Saturday, June 09, 2007

Two Things in Common

The two books I just finished have two things in common: maternal sacrifice and the fact that I could predict most of the events; however, the feelings I had after finishing each book couldn't be farther apart.

The Reading Group by Elizabeth Noble: I was looking for something light, plus the structure of this novel appealed to me. The chapters are based on a book the group is reading during a particular month. I also liked the books they chose (Ian McEwan's Atonement, Willa Cather's My Antonia, and Daphne DuMaurier's Rebecca are a few.) The women begin talking about the books, but their discussions always devolve into stories about their lives. I think you're supposed to be able to thematically tie what happens in each woman's life to the book of the month, but the links are too tenuous. For me, the characters felt flat -- I had a hard time distinguishing one from the other, and they all could be easily labeled -- Clare, the infertile one; Nicole, the woman who stays with a cheating husband; Harriet, the one who doesn't realize what she has; and Polly, the one who finds joy in sacrificing her life for her child. Plus, I think there are more women but I can't remember who they are. Blah.

A Thousand Splendid Suns by Khaled Hosseini: This seems like simply the tale of two women who learn to love each other and value their friendship over the course of several years, but it's so much more than that. It's the history of Afghanistan from Soviet rule to the Taliban to the present. It's also a commentary on the state of marriage in Afghanistan -- what men could do to women inside the bounds of marriage and never be held accountable for. And last, it's a book about the necessity of having a purpose in life. Hosseini's writing style is clear, concise and just lovely in this novel. The story is told in several parts -- first is Mariam's story. She is the illegitimate daughter of a rich man and is forced into marriage when her mother dies. Second is Leila, the daughter of progressive parents, who is forced into marriage with Mariam's husband when her parents are killed. The third part is their life together. Like The Reading Group, maternal sacrifice is a consideration but I didn't think in my head, "Oh, honestly!" when it becomes an issue. It tops my list of favorite books ever read, let alone, favorite book of the year.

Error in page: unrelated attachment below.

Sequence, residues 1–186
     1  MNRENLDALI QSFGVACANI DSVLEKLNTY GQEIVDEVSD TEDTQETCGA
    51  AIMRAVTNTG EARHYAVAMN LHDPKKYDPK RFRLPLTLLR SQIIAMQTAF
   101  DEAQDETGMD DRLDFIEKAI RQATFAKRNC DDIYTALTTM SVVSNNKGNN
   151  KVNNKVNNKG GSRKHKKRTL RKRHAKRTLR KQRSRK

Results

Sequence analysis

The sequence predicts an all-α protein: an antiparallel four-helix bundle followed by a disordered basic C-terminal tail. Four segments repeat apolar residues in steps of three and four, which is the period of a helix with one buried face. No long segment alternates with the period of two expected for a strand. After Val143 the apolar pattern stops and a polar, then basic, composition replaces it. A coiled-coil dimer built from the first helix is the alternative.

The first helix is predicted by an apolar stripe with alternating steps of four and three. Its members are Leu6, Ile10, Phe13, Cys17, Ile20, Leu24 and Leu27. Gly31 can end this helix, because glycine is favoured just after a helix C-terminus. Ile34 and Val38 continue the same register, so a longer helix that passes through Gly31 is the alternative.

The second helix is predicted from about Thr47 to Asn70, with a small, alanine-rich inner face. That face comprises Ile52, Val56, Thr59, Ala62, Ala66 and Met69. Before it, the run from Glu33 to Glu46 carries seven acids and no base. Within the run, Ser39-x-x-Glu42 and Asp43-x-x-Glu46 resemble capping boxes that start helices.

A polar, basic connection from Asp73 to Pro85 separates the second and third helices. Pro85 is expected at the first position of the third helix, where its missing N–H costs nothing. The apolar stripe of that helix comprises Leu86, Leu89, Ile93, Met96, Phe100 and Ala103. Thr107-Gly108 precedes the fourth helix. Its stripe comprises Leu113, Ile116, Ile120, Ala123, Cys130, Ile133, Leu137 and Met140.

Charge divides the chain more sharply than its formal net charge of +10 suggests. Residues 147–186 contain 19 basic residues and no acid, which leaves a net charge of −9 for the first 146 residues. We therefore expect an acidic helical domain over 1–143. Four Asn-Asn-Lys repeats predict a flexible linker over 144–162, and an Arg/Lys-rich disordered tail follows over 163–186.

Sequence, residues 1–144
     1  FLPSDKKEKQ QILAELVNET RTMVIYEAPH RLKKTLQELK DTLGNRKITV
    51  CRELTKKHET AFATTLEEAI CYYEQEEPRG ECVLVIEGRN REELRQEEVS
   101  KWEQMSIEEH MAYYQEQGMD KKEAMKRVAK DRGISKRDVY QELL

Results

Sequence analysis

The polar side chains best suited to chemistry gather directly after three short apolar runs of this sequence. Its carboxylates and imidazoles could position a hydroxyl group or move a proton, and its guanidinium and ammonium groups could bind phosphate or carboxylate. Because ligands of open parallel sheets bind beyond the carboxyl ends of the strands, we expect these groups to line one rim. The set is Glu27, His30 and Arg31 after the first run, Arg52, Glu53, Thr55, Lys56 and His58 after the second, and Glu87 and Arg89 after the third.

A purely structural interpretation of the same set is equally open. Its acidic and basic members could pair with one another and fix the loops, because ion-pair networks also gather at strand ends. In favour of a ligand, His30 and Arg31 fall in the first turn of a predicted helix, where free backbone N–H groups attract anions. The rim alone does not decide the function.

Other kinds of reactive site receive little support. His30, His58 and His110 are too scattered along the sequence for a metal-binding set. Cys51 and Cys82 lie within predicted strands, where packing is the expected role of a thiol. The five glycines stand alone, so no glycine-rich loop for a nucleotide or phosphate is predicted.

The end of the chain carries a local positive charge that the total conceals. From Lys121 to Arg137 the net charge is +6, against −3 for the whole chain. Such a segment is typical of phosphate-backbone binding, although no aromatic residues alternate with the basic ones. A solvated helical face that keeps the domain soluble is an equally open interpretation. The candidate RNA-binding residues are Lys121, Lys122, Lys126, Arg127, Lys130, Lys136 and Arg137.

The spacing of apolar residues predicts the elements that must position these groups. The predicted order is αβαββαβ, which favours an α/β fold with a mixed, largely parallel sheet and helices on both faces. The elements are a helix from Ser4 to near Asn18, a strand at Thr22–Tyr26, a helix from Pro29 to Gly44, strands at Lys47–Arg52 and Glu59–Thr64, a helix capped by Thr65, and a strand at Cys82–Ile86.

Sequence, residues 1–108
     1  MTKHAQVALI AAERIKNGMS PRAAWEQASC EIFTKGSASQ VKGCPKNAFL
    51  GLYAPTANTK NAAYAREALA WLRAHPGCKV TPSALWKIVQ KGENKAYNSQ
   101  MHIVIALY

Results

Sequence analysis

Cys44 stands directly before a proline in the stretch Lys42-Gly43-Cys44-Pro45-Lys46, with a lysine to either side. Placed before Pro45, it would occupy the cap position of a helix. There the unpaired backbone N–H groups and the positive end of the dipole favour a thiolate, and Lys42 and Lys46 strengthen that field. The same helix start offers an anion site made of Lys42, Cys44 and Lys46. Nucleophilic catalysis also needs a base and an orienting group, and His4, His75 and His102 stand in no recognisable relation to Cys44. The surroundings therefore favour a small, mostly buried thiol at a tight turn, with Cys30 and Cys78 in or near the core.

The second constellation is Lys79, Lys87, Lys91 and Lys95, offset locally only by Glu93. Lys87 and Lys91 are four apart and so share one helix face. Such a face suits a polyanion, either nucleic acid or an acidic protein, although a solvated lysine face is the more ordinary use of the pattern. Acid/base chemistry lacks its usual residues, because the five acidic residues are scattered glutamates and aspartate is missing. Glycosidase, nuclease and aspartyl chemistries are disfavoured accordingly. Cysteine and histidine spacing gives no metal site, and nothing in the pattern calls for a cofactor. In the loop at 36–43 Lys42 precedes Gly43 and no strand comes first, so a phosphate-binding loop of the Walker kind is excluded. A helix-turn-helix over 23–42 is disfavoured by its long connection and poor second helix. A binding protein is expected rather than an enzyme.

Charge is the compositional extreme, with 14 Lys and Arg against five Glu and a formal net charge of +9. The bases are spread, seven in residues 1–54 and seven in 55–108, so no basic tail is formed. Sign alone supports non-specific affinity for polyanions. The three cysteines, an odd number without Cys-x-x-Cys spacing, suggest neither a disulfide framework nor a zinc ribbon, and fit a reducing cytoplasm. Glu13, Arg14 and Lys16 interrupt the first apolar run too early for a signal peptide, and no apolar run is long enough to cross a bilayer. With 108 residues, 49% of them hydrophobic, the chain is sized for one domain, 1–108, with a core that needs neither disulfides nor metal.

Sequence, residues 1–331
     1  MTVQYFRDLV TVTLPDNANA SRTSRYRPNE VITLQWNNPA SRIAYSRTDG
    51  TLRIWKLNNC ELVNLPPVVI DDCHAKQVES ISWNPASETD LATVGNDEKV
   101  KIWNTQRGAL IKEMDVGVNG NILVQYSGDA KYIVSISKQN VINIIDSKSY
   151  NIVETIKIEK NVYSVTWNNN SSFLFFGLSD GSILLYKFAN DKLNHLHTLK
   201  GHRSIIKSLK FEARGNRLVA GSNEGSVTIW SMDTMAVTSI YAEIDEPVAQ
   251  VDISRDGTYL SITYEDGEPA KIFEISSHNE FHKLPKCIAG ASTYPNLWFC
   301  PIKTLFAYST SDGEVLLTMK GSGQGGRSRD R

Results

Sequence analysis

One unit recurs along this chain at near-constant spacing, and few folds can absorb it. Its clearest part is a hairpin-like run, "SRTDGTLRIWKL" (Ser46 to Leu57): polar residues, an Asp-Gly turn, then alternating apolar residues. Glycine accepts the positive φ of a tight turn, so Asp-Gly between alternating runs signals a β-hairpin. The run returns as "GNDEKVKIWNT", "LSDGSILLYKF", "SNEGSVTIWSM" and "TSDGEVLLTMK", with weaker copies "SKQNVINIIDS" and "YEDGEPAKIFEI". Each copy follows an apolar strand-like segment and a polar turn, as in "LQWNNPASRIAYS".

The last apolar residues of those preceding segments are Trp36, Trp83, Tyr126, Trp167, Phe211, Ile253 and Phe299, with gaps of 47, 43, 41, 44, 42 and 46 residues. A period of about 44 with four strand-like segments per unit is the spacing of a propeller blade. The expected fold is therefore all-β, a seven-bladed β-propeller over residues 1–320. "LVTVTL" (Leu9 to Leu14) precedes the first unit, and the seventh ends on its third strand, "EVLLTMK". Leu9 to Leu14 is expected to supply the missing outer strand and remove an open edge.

Hilda said...

WOW! That's quite a recommendation for "A Thousand Splendid Suns"! So, I gather he succeeds in writing womens' perspectives. By saying it tops your list of favorite books ever then it means you liked it better than "The Kite Runner"! Is that right?

As a matter of fact Hosseini will be in Miami reading from the book and I was trying to decide whether to go see him. It's a ticketed event where you get a ticket when you buy the book and I wasn't planning to buy the book right now. Now, I'm thinking maybe I will.

Thanks for the recommendation.

Katya said...

Hilda: I loved The Kite Runner and I did like A Thousand Splendid Suns so much more than The Kite Runner. I believe that he did succeed it writing women's perspectives, which always really shocks me from a male writer.

BabelBabe said...

will go buy Hosseini's new book immediately upon your recc. I LOVED Kite Runner, and expected to love this one as well. Thanks for the confirmation.

If you want to read a decent book-group book, try The Jane Austen Book Club. I recall it being good.

Iamthebookworm said...

That was pretty much my reaction to The Reading Group. I put it on a book list, but for the life of me I can't remember the characters. Other people have told me good things about A Thousand Splendid Suns too. I am going to reserve that one now!

Thanks for linking to me! I added you to my blogroll

Katya said...

bb: I'll try the Jane Austen one. I hope you like A Thousand Splendid Suns.

iamthebookworm: I always like to have the links to blogs I like to read handy. I hope you like the new Hosseini book as well.

nutmeg said...

That's a big recommendation! I really did like A Thousand Splendid Suns (8.5 is a high score for me) but I had a few niggles with it - but nothing that would stop me recommending it. What about that list of Taliban dos and don'ts? Unbelievable!

What are you reading next? I may be reading it too ;-)

Katya said...

That Taliban lists of do's and don'ts was amazing. I think it really brought home to me how restricted women were. I understand your niggles with it -- I read your review and they make sense. Your review was more comprehensive -- I left out the things that bothered me -- like why did Rasheed have to be repulsive all the way around? Looks as well as behaviour -- I know that happens but it would have been more powerful if his repulsiveness had slowly developed.

Lazy cow said...

As I've been avoiding reading The Kite Runner for the past couple of years, I'm being 'forced' to read it this month for my bookgroup. Your glowing recommendation to his latest book is making me feel a lot better about this task :-)